The one everyone waits for&emdash; the SPCA rummage sale takes place April 17-May 2, 11am-7pm. Donations being accepted through March 28, 9:30am-6:30pm, Ivy Industries Building, 111 Monticello Ave. 244-3647.

Run for Your Life: UVA's Zeta Tau Alpha and New Balance sponsor the 10th Annual Run for Life 5K race Saturday, March 27. Registration 8am, race begins at 10am. $12 in advance; $15 race day. Race starts and finishes at Newcomb Hall Plaza behind University Bookstore. Register at Norwood's New Balance or online at 964-1616.

The Fresh Air Fund: Seeks volunteer committee members and host families to support two-week summer vacations for children from New York City's underprivileged communities. 977-8284.

Bingo Game: 7pm every Thursday at Gordonsville Veterans of Foreign Wars Post, 10271 Gordonsville Ave. (Route. 231) 540-832-2439

Settling Down: Midday Meditation, Tuesdays 12:15-12.:45pm and Thursdays, 12:15-1:15pm. Free, but donations are accepted. Gesher Center, 1824 University Circle. 970-7836.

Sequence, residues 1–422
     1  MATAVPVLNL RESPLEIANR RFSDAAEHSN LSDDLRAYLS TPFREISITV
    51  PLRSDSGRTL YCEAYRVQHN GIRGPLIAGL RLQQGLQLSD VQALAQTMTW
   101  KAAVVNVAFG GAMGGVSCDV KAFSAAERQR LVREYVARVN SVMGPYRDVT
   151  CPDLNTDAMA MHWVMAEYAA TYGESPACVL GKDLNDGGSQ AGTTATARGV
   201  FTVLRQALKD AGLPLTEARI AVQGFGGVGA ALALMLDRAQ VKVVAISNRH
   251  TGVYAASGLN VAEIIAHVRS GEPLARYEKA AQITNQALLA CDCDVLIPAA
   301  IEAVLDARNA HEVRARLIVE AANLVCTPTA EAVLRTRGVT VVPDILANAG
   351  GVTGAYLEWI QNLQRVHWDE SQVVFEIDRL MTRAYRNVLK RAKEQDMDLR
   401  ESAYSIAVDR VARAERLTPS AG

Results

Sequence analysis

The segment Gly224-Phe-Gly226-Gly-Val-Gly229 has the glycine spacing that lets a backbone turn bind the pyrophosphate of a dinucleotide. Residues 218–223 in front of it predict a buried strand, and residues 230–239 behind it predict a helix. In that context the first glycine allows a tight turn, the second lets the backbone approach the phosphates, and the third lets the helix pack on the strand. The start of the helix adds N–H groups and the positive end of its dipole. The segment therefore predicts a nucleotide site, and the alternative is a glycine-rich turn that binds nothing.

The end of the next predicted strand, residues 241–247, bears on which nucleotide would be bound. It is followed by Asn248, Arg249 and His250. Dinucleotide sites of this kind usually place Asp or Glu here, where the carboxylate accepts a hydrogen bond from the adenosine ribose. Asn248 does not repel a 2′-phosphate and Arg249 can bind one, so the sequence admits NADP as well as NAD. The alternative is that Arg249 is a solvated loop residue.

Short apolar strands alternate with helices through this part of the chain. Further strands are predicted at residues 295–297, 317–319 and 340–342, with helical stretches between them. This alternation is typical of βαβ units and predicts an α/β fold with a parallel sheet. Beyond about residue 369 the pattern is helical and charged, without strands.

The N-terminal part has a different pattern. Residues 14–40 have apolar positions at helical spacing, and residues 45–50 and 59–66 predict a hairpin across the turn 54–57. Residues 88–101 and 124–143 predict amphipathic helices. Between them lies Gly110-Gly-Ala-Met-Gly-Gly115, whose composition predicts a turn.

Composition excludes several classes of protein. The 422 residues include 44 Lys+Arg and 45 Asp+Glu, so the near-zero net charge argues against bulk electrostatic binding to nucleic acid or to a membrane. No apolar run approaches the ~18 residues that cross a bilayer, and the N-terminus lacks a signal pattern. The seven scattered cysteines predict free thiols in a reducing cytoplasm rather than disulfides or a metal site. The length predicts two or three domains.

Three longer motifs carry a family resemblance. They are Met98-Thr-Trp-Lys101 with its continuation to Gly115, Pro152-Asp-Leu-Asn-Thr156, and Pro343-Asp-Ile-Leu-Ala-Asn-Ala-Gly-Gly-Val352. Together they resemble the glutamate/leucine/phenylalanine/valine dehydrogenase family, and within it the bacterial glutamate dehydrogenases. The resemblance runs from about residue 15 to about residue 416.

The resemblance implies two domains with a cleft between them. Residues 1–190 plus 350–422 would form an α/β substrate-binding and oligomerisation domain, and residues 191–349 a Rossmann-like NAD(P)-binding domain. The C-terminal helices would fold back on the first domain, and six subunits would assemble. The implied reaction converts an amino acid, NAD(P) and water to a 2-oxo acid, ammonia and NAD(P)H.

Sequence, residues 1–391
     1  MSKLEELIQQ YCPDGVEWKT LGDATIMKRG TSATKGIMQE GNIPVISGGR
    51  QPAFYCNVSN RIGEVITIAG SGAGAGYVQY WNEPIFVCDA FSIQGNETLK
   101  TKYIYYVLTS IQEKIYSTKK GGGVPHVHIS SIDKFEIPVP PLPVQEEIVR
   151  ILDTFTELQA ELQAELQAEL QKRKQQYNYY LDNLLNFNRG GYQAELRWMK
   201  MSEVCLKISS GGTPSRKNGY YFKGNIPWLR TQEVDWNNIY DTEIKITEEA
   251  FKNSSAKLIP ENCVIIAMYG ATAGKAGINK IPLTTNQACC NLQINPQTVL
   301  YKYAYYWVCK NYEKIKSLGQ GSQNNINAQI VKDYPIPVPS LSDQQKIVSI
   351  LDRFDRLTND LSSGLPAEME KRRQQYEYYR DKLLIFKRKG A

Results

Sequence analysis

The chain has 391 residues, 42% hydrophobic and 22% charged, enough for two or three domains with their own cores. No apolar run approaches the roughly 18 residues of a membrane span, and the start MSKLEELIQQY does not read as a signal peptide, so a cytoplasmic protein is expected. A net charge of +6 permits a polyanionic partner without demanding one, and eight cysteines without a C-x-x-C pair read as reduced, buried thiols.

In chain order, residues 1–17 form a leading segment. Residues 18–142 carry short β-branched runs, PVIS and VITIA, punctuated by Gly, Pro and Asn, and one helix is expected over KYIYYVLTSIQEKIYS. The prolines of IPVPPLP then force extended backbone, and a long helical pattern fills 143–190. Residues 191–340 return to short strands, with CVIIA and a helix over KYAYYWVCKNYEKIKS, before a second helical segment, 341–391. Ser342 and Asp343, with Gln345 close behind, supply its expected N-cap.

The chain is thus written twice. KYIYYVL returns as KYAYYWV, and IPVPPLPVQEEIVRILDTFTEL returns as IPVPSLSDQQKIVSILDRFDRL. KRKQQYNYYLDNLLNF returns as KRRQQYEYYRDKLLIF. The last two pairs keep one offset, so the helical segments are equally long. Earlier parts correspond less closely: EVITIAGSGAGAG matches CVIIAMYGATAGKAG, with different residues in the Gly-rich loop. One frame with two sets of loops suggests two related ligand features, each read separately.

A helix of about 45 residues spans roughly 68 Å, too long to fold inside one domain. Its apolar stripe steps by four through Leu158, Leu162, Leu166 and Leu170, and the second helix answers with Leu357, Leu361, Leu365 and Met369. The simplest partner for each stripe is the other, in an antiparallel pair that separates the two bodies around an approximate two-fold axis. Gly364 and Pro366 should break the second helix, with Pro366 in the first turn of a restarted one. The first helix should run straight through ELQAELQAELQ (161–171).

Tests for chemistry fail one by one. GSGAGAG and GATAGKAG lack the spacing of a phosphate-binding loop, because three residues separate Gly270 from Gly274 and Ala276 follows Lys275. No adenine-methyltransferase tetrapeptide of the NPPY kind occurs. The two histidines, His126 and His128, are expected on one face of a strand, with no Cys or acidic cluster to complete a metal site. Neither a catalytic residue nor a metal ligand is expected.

Habitat for Humanity: Volunteers with a yen to build or paint for a good cause urgently needed. 293-9066.

Canine Companions for Independence: The national, nonprofit organization that trains assistance dogs for people with physical and developmental disabilities is looking for people interested in becoming volunteer puppy raisers. 800-572-BARK or

Charlottesville/Albemarle Chapter of Families Anonymous: A free, self-help fellowship for anyone concerned with the destructive behavior of loved ones (emotional problems, drugs, or alcohol, etc.) meets at 7pm each Monday at Aldersgate Methodist Church at 1500 Rio Road E. behind the Fashion Square Mall, rear lower level entrance. 923-7929.

Single Mothers' Support Group: Safe environment for women dealing with the challenges of raising children on their own. Facilitated by Deborah Frazer, LCSW. Nominal fee required, negotiable according to the needs of group participants. Pre-registration interview required. Child care available. 6:30-8pm. Focus Women's Center. Grady avenue. 293-2222.

Women in Change: Support group allows women experiencing personal issues of transition to meet in a supportive and confidential setting, facilitated by Betsy Cochran, LPC. 7-8:30pm. Fee and pre-registration interview required. Focus Women's Center. Grady avenue. 293-2222.

Come into the Library: